When Your Puzzle Is Missing Pieces

By Jessica Gach

I cannot start thinking about my 16-week journey in ENG 260 and the Writing Center sixteen weeks ago. That is not enough. I need to start when my journey really started and no, I am not talking about the fall of 1988, when I started kindergarten. This journey started on January 19, 2021.

When I started my Legal Research and Writing course, I had no idea what I was getting into. At this point I had only written a handful of papers since graduating high school 20 years prior, and this was LEGAL writing which I had no experience in or even any idea what it was. Throughout the semester, I learned how different legal writing was versus English 121 writing and I loved it. It was research based; it wasn’t based on creativity or even my own opinion. It was based on fact, on historical cases and current cases, and current events. I felt like I found a part of myself (a puzzle piece if you will) in this class that I didn’t know was missing.

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CLC Tutors Participate in Virtual Writing Center Conference

On February 25th and 26th, members of the CLC Writing Center staff took part in the Midwest Writing Centers Association (MWCA) 2021 virtual conference, “Creating Common Ground: Crosstalk and Community in the Writing Center.”

This conference was a reboot of the three-day event that had been scheduled to take place in Cedar Rapids, Iowa, in March 2020.  CLC writing tutors actually travelled to Iowa and took part in pre-conference workshops before the decision was made by MWCA to cancel the full conference.

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All I Really Need to Know (about teaching) I Learned in the Writing Center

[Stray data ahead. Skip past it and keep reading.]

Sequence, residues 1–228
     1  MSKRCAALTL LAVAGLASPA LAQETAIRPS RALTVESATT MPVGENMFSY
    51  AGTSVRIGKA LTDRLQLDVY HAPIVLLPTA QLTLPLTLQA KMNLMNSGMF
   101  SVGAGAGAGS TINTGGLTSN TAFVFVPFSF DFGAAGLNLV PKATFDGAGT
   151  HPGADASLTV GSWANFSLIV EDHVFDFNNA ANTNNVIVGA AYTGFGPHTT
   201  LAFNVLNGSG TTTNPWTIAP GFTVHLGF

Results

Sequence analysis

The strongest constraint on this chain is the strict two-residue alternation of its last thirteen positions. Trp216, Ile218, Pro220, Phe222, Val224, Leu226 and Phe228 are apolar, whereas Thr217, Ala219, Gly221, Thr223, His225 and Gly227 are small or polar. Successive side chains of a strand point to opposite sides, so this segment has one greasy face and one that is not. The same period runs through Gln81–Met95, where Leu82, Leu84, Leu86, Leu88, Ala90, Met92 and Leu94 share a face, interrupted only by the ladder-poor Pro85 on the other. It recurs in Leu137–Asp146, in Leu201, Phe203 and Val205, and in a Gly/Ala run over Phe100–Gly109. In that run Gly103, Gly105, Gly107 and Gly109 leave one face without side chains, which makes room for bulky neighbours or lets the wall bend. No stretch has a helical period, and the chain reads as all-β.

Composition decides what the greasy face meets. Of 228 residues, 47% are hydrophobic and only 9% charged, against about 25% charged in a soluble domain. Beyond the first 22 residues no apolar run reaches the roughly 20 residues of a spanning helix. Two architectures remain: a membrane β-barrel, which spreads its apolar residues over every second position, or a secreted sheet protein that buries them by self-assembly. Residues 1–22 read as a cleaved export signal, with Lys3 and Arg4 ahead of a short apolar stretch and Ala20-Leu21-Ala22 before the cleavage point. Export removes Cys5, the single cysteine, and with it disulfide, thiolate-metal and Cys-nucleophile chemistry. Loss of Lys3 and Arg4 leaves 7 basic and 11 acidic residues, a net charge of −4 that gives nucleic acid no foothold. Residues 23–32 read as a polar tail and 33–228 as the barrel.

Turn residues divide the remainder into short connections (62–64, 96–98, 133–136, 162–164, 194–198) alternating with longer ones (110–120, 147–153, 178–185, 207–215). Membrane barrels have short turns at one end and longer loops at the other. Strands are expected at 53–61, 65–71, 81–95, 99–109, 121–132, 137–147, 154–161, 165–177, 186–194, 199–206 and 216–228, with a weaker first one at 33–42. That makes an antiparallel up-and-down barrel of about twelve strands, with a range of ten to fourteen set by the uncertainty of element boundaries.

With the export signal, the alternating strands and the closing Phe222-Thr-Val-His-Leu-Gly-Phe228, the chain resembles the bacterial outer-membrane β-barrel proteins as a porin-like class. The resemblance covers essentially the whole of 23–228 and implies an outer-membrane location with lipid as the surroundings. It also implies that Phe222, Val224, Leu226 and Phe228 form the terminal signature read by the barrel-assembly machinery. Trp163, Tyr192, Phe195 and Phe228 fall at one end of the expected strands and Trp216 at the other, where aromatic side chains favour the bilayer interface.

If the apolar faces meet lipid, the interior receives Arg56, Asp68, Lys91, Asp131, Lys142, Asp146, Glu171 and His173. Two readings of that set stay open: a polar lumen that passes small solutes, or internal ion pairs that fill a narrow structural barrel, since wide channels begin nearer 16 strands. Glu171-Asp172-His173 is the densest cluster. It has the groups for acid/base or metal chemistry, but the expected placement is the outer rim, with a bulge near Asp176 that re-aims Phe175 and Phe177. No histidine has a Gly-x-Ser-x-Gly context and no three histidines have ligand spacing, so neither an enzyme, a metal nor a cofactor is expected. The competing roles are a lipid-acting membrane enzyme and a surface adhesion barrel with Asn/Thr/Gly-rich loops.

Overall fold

jenny-amanda(with apologies to Robert Fulghum)

In English 260 (Intro to Writing Center Theory and Practice), new tutors write a tutor philosophy at the end of the semester, expressing their ideas about tutoring and writing centers in any format they choose. Tutors have created everything from poems to skits to songs/raps to paintings, as well as a range of texts.  A few years ago, I decided it was time for me to tackle this task along with my tutors and here’s the latest version of my “tutor philosophy.”

Lesson #1. Writers need to be active participants in their own learning

My writing center work has taught me that Stephen North didn’t get the quote quite right when he said, “our job is to produce better writers, not better writing.”  The grammatical problem with this sentence is that the subject doing the “producing” is still the tutor and/or the writing center.  For a tutoring session to work and learning to happen, both tutor and writer have to be involved. In order to improve, a writer has to write and think and write some more.  A tutor can be involved in this process, but they cannot be the sole actor in it.  We all have had sessions like this—where the student pushes the paper across the table at us or demands, “Tell me what to write,” and the fundamental problem with those moments is that if one gives in, nothing changes.

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